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What Are The Differences Between “Anything” And “Everything?”

In English, it seems like many words are similar but have different functions and meanings. This creates a lot of confusion for English writers, especially if it is the first time they have ever encountered those words. 

In any case, it is important to know the minor distinctions between similar words, even if you aren’t planning on doing any formal writing. Knowing words’ true meaning, you can effectively use them in your writing! 

Take the words “anything” and “everything,” for example. Both act as pronouns in sentences and look and sound similar. Don’t be fooled; they have two very different meanings and uses! 

What Do “Everything” And “Anything” Mean?

In short, “everything” refers to all possible existing things. This means that all things seen or unseen are a part of “everything.” Even though it has a vague meaning, most people use it to describe everything important or pertains to the conversation. For instance:

  • I hope that you all understand everything from the lesson today 
  • Thank you for everything you have done for me during these hard times 

On the other hand, “anything” is a term used to refer to any aspect that specifically pertains to things about the subject at hand. It can refer to any part of a whole, a whole entity, or even an idea. Even though it may have a similar meaning to “everything,” it has very important yet subtle differences that make it unique.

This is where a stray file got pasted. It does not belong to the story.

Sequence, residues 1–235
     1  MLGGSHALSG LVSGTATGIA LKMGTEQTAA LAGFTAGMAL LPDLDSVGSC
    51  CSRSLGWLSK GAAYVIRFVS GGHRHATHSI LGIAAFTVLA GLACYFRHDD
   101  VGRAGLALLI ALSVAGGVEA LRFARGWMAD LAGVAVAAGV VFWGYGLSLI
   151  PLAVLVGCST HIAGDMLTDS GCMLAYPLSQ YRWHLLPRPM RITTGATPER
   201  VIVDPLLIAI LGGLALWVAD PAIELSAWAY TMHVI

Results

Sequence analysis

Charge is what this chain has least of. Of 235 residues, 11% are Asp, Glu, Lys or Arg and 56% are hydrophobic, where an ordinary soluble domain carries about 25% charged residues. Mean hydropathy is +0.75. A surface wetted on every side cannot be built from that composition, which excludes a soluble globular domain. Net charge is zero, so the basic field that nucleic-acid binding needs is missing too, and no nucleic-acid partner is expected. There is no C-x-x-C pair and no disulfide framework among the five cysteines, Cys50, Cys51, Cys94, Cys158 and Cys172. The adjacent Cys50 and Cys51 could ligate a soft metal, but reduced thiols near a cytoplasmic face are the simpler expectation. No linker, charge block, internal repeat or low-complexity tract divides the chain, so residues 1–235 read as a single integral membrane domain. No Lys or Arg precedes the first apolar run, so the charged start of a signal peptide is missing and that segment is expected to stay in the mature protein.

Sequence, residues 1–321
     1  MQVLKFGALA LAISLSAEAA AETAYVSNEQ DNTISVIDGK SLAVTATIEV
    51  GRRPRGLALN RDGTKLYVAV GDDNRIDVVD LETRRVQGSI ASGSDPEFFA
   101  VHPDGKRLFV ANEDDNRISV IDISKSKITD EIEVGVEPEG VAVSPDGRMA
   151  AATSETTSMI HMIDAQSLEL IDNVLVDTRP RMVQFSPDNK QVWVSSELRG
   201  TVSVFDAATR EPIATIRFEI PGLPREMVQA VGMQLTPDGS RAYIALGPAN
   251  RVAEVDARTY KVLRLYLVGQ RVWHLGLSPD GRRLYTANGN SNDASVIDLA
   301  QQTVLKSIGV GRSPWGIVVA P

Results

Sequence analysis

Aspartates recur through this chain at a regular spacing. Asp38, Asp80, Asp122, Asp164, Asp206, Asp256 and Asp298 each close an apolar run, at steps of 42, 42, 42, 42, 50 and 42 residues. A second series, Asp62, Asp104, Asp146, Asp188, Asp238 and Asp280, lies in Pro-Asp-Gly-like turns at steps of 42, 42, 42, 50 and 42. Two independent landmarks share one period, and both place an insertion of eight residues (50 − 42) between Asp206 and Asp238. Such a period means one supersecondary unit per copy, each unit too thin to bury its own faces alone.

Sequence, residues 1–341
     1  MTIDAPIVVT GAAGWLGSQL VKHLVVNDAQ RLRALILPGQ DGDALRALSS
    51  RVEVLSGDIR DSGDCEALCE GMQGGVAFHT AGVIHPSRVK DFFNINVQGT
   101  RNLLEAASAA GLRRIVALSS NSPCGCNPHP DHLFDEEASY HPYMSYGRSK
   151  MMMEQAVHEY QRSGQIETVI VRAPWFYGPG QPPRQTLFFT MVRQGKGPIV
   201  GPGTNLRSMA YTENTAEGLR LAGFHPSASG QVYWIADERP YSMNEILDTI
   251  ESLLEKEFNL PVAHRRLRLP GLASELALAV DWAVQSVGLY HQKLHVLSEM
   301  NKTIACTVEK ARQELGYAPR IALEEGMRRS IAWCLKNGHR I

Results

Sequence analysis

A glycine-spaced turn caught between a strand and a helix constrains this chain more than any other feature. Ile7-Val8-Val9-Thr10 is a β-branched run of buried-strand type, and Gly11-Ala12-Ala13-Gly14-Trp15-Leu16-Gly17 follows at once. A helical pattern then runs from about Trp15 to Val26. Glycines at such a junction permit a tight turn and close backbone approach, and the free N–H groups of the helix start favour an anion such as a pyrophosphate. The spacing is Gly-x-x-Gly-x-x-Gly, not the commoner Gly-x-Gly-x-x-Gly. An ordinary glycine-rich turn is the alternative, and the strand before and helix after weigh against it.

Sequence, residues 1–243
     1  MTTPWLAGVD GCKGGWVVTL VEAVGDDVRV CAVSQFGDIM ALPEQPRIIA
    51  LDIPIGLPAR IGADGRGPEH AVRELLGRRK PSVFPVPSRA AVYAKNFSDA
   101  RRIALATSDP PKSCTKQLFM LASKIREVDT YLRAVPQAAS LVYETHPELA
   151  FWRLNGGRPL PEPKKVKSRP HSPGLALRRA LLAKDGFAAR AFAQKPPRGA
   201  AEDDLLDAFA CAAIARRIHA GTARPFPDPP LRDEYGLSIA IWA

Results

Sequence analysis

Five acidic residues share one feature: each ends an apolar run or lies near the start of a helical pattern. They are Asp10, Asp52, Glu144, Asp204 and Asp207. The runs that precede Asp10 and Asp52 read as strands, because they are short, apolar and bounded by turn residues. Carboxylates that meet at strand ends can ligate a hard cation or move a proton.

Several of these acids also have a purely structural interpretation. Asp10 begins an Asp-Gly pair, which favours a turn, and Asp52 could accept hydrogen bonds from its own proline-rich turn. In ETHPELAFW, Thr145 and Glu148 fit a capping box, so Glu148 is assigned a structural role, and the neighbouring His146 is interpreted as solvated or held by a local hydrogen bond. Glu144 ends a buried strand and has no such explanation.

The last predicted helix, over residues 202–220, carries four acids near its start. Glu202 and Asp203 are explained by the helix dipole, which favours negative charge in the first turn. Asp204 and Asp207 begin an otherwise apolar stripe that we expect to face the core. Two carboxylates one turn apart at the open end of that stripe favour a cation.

Can You Interchange “Anything” And “Everything?”

Due to these subtle differences, you cannot simply interchange “anything” and “everything” within your sentence. Take the following sentences for example, that show correct and incorrect uses of these words. 

Correct: I organized everything, so I don’t need to buy anything new.

Incorrect: I organized anything, so I don’t need to buy everything new 

As you can see, the purpose of the correct sentence is to show that the person has organized every possible thing, so they don’t need to buy anything new. In comparison, when swapped in the incorrect sentence, the words easily confuse the sentence’s scope and plurality. 


To summarize, “everything” is a word used to describe all possible things, including those seen, unseen, or even unthought of. It is a catch-all that can account for all possible things. 

In comparison, “anything” is a word used to describe a part of a whole or an aspect of something. Additionally, it can even describe one object that belongs to a collection. 

Due to these minor differences in definition, these words have different uses and cannot be interchanged in writing! 

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Posted by Ryan Fisher
By Ryan Fisher

Ryan holds degrees from Pacific Lutheran University and specialises in proofreading, editing and content writing with a emphasis on business communication.

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